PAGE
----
So, after spending some time on the code I now have this:

The blue area is a special part of the window I called “extra location widgets” in the code. It can be used to show that this is a special kind of folder, and I think we should use it for folders in burn:/// also. Furthermore, the “+” button lets you add limitations on the search:

You can also search by type:

When you are satisfied with your search you can use File -> Save Search As… which gives you this dialog:

Looking in home, we see the newly saved file “search for alex.savedSearch”. Its really a simple xml file describing the query. However, we can tell by the expander that Nautilus treats it as a folder.

If you expand it, you get the results of the search as if it was a normal folder:

And if you click on it you show the file as a folder:

You can also edit it by clicking on the edit button, giving you back the original query edit widgets. When you’ve changed them to your liking, File -> Save Search updates the search file on disk:

All this code is on the nautilus-search2 branch in cvs. Its mostly working, I just need to fix some bugs and add a simple (non-indexing) search backend and I think its ready to be merged to HEAD.

Sabayon LDAP support

Earlier this week I blogged about Sabayon, the profile editor. I got several comments about how it would be nice if it supported LDAP. So, I spent some time this week hacking up LDAP support.

I wrote some initial documentation on how this works, and now I’d like some feedback. The system is very flexible and IMHO nice, but I’ve never administrated an LDAP network, so I’m not the best person to ask.

If you are interested in Sabayon and LDAP, please read the docs and send your impressions to the mailing list.

Live, uncut french egg-sauce thingie

The last couple of weeks I have been working on Sabayon, an application that some other Red Hat people started on earlier this year. Its an editor for user profiles, where you can set up settings and add files for a class of users and easily push them out to users. Today I released version 2.12.1, which has a bunch of fixes and new features.

The interesting thing about Sabayon is the way you edit the profile. Instead of using a completely new interface it uses the standard interface you normally use. This is accomplished by launching an actual desktop inside a window, letting you make your changes in that desktop and then save it. You can also look at the changes that has happened in the session and ignore some of them, or make some of them mandatory.

Just describing Sabayon isn’t doing it justice though. To really see how this is different from other similar things you have to see it in action. So, I prepared a screencast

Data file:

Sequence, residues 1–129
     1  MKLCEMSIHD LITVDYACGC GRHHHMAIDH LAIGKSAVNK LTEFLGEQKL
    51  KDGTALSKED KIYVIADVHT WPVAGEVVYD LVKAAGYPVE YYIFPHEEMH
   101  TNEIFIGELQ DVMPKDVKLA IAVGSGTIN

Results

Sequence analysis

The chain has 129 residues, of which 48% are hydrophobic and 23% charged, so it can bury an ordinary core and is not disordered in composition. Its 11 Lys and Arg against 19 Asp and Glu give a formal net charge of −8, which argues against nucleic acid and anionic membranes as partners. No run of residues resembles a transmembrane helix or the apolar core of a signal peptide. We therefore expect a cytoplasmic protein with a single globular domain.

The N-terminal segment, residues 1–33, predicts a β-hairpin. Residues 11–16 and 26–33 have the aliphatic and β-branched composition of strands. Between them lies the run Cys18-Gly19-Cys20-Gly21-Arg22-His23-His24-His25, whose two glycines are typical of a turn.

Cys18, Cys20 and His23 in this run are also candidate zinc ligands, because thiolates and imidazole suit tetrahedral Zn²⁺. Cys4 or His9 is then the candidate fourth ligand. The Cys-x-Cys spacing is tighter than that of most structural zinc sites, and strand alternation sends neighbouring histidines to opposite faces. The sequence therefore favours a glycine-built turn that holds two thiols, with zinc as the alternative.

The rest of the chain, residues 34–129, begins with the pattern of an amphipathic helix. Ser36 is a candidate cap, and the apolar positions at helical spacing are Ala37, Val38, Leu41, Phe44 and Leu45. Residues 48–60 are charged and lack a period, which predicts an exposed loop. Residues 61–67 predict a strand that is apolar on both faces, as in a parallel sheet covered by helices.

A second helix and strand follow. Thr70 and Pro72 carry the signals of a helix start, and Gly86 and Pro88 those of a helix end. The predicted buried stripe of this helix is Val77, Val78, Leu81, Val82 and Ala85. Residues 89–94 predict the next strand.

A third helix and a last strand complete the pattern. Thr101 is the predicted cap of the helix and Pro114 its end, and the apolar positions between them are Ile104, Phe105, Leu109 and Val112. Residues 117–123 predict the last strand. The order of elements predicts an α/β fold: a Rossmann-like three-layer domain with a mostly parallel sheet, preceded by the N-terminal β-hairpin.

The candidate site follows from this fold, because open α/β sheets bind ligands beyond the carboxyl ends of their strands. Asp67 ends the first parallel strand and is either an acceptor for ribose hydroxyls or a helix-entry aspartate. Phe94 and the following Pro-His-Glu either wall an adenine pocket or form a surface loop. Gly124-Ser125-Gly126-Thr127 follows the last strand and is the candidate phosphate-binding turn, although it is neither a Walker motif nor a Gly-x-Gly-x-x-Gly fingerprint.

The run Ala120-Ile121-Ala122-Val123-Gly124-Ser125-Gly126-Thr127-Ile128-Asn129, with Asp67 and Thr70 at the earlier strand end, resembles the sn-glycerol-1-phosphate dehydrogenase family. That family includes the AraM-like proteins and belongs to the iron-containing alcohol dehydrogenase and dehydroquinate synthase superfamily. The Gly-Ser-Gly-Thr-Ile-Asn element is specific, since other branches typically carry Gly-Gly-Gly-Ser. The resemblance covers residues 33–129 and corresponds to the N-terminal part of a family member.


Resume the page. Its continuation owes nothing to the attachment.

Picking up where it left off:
of it.

Once you’ve finished editing your profile it will be stored as a zip file with xml metadata that can easily be applied to a user by running the sabayon-apply tool. There is also support for deploying the profiles from a central http server.

I think this is a really cool app, but I’m a programmer, not really an administrator. I wonder what system administrators think of this? Is it an interesting approach? Is it better than what you’re using currently? Would you use this?

If you want to test Sabayon I recommend you use version 2.12.1. Its currently building in Fedora extras, so it should be available soon.

Wobbly widgets

Recently I’ve been researching a bit into requirements and usecases for a new canvas for Gnome/Gtk+. One of the important features of a canvas is the ability to embedd normal Gtk+ widgets into the canvas and have them integrate nicely. This means the embedded widgets should properly stack with other canvas items, and (less importantly) they should support arbitrary transformations.

The problem with this is that widgets in Gtk+ use child X windows, for clipping/scrolling and to get events. These windows are managed by X and won’t correctly mix with the drawing of the other items in the canvas. This can be seen in the widget item in gnome-canvas, which just doesn’t work very well.

An obvious solution to this is to render the whole widget to an offscreen pixmap and then just copy that translated to the canvas when rendering the canvas item. However, currently there isn’t a way to render Gtk+ widgets to a pixmap. There are some hacks you can use, but they don’t work at all for widgets that have child windows.

This week I’ve been working on a change to Gdk that will allow it to take any GdkWindow and make it (and its children) into an offscreen pixmap, much like the Composite Extension but client-side. Once we have this you can do all sorts of effects with widgets, just like Composite allows effects on a larger scale.

Yesterday I managed to get it to render an actual widget tree for the first time, so I hacked up a simple demo to show off the sort of things you can do with this:

When seen live the water effect actually moves, as can be seen here.

This work is not nearly finished, I haven’t even started to think about how do handle input events, but it does look promising.